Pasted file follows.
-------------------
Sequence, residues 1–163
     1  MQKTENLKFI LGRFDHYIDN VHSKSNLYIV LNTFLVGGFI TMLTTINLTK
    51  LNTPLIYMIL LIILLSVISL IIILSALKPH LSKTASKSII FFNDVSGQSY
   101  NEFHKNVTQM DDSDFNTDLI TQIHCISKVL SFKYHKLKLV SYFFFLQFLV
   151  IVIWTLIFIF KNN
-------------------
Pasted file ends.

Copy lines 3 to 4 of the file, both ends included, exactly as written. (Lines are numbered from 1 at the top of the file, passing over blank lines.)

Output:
    51  LNTPLIYMIL LIILLSVISL IIILSALKPH LSKTASKSII FFNDVSGQSY
   101  NEFHKNVTQM DDSDFNTDLI TQIHCISKVL SFKYHKLKLV SYFFFLQFLV